Tall buildings are a vital element in any urban setting as they make the best use of limited space. Compact cities promote sustainable transportation methods such as walking, cycling, and public transportation. Tall buildings also have the ability to be more energy efficient than single family residences through the use of efficient central services and higher overall building volume to surface ratios (shared floors/ceilings, minimal weather exposed surfaces).

The mass timber family includes six products. Each product shares common characteristics of strength and predictability, and all products deliver versatility and performance with a low carbon alternative. Here’s a brief look at three:

Nail Laminated Timber (NLT or Nail-lam)

  • Composition. Fasten individual dimensional lumber, stacked on edge, into one structural element with nails.
  • Aesthetics. NLT offers a consistent and attractive appearance for decorative and exposed-to-view applications. Sheathing can be added to the top side to provide a structural diaphragm, allowing use as a wall panel element.
  • Uses. Floors, decks, and roofs, in addition to timber elevator and stair shafts.

Glued Laminate Timber (Glulam)

  • Composition. Individual wood laminations selected for performance characteristics are bonded together with durable, moisture-resistant adhesives. Laminations run parallel with the member length. Glulam is available in depths from six to 72 inches and can exceed lengths of 100 feet.
  • Aesthetics. Available in a range of appearance grades for structural or architectural applications.
  • Uses. In horizontal applications glulam is often used as a beam. In vertical applications, it serves as a column.

Cross Laminated Timber (CLT)

  • Composition. Three, five, or seven layers of dimension lumber oriented at right angles to one another and glued to form structural panels with exceptional strength, dimensional stability, and rigidity. Can be manufactured to customized dimensions. Panel sizes vary by manufacturer. Length is usually limited by transportation restrictions.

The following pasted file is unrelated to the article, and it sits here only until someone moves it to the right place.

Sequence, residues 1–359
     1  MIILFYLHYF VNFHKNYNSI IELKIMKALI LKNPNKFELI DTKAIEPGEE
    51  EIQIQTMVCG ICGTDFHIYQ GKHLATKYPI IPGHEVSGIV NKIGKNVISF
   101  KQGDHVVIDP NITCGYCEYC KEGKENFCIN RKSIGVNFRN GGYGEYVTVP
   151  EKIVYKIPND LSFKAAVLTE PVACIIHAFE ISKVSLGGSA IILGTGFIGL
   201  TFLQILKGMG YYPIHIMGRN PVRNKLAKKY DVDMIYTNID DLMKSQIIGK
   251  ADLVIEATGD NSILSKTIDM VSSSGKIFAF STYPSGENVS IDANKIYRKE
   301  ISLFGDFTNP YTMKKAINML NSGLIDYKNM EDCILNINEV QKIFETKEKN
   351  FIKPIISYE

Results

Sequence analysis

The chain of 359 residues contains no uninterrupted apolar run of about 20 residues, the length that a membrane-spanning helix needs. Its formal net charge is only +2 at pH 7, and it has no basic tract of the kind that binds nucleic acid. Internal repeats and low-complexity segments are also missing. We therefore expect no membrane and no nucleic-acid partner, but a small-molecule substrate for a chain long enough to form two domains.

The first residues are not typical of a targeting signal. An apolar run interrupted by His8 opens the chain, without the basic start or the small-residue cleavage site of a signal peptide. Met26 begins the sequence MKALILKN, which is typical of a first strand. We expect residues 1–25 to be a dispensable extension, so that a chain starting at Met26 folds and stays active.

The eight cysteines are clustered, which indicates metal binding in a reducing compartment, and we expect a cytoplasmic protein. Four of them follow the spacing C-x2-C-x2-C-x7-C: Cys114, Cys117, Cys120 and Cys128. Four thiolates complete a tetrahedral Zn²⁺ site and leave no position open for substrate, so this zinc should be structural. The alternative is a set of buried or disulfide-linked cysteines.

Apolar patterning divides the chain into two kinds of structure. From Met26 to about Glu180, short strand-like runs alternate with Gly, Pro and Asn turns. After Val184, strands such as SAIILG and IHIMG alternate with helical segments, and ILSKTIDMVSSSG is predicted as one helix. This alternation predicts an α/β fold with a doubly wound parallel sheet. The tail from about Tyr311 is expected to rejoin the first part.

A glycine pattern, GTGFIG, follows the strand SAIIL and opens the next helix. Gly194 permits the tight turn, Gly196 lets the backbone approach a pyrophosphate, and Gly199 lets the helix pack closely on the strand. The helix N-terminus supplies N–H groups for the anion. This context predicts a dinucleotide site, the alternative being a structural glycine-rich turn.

• Aesthetics. CLT may be left exposed in structure interiors. It differs from glulam in that glulam is layered with the grain.
  • Uses. CLT panels resist high racking and compressive forces, making them especially cost effective for multi-story and long-span diaphragm applications. Well-suited for floors, walls, and roofs. CLT panels are used in prefabricated building components or for off-site construction.  

Advances in wood connectors, hybrid materials and building systems (using wood, concrete, and steel), the commercialization of CLT, and off-site prefabrication have all provided more options for the safe and effective design and construction of taller mass timber buildings. 

Wood buildings typically cost less—economically and environmentally―while delivering more in terms of its beauty, versatility, and performance. Wood can also be a low carbon alternative to steel, masonry, and concrete in many applications.

Explore the rest of the reThink Wood website for more information, the latest research and news on mass timber.

The ICC Board of Directors has created and appointed an ad hoc committee to explore the building science of tall wood buildings. The first meeting of the committee is scheduled for July 6 - 8 in Chicago. More information and other related materials are available on the Ad Hoc Tall Wood Buildings site at http://www.iccsafe.org/codes-tech-support/cs/icc-ad-hoc-committee-on-tall-wood-buildings/.